Sherlock, in the words of Detective Inspector Greg Lestrade (Rupert Graves), goes from being a great man to a good man. And transformation is from being an uncaring, rude, arse to being someone who deeply cares for people. In the Blind Banker, Watson says “Anytime you want to include me… “No, I’m Sherlock Holmes. I always work alone because no one else can compete with my massive intellect!”. But, by the last episode of the last series, he is someone who has begun to trust, respect, and feel for the people around him. Be it Mary Watson who he mourns deeply, or her husband John Watson – his concern for them overrides his concern for his safety and comfort.. His early mockery of Molly Hooper (Louise Brealey) turns to sincere affection and warmth by the last episode. His strained relationship with his brother Mycroft (played superbly by co-writer MarkGatiss)  improves to a point where they connect as a family. And all of these are shown with subtlety, not belaboured as points. 

Watson is the moral core of this show, and we see most of the from his point of view. Martin Freeman plays a Watson whose affable character conceals a frame of steel. He is no man’s (or woman’s) doormat – and it is his influence and friendship that possibly gets Sherlock to change. Like his historical predecessor he is the one who writes about Sherlock Holmes, but instead of the Strand Magazine, he publishes a blog that does much better than Sherlock’s own digital presence, a website on the Science of Deduction. He goes from being the battle scarred veteran suffering from PTSD to being a soldier again – albeit a different type. 

While the storylines in the first two seasons are taut and investigate a crime of the week, the form changes in the last two seasons, where story lines are more interlinked The first two seasons see Moriarty, Irene Adler, more Moriarty. The episode finale of season 2 – where Moriarty begins using his wits to dismantle Sherlock’s name and reputation is superbly crafted. You feel for Sherlock and his sense of isolation from everything he loved. In all this Watson stands by his man like a wall of granite.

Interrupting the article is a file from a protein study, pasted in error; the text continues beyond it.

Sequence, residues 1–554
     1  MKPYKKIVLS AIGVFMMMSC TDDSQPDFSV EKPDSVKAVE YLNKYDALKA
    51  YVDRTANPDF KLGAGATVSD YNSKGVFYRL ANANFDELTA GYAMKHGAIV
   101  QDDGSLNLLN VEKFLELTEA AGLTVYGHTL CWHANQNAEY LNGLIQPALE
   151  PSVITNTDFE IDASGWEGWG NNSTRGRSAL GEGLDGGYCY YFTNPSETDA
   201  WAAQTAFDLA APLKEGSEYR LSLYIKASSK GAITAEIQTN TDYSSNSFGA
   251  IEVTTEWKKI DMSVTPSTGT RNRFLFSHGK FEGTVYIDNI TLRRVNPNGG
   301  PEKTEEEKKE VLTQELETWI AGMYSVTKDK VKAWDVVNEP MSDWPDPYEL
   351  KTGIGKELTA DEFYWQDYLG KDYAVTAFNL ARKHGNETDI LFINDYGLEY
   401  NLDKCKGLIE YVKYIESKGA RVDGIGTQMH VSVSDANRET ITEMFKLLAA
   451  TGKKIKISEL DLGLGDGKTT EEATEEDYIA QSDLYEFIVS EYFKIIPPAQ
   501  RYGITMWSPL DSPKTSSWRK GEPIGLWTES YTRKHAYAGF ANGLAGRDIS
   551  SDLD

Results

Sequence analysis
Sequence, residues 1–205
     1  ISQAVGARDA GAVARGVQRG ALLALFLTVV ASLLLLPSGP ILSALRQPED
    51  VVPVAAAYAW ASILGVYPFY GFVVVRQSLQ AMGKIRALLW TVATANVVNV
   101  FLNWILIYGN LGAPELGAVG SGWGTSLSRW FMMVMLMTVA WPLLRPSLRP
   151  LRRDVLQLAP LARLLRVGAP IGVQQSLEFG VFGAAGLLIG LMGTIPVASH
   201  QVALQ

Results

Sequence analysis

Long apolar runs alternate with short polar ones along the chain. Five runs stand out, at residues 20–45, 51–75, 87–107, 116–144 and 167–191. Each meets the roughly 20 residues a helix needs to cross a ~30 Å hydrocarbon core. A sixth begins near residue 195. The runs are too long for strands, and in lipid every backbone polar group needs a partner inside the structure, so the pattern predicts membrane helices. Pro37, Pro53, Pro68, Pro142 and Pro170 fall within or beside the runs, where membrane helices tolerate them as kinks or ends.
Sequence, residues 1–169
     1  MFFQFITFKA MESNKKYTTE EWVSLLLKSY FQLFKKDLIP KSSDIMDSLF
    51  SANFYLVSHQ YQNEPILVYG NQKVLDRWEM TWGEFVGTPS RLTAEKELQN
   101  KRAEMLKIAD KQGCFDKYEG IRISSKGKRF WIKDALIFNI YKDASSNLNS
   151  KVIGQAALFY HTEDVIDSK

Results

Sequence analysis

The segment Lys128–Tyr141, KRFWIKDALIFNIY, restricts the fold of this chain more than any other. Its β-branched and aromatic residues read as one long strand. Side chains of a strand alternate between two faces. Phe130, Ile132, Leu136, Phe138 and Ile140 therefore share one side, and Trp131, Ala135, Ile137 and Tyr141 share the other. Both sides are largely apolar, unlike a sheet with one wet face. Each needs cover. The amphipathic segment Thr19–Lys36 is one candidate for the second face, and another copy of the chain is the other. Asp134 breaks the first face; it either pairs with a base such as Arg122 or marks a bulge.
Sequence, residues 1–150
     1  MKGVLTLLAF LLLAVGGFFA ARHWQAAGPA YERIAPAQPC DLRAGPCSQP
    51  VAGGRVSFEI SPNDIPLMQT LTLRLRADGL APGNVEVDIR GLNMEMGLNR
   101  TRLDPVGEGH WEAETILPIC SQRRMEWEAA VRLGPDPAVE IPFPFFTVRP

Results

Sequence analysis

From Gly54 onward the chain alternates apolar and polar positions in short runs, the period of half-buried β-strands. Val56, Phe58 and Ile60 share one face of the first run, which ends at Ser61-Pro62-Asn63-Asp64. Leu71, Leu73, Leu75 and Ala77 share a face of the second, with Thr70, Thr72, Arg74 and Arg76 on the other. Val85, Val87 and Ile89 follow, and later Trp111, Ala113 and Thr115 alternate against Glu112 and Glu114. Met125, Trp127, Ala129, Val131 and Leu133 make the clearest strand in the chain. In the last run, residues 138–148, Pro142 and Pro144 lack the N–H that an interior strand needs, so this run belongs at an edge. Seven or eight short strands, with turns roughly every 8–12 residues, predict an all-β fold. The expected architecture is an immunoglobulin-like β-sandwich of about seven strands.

In the last two seasons, however,  the show goes from being the adventures of Sherlock and Watson, to being the family sagas of Sherlock and Watson. And, in doing this there is a more pugnacious  version of Sherlock introduced. A secret agent, an undercover operative who is sent deep into enemy territory to gain information. It is this of version of Sherlock – the James Bondification of Sherlock Holmes – that jars slightly. But, the pace of the show, and the incredibly cleaver story telling irons over the plot holes.  But, yes, the show could have done with a lot more adventure, and a lot less family drama, wrapped in pop psychology.

From a cinematic experience perspective – i think of this series as a dozen 90 minute movies – the show is excellent.  It doesn’t try and over explain, it doesn’t treat the audience like slightly slow but obedient children. I would probably watch it again – and smile through the show. A last word for the music – outstanding, and my current background music while i work.  Watch it if you haven’t. And, if you have – watch it again 🙂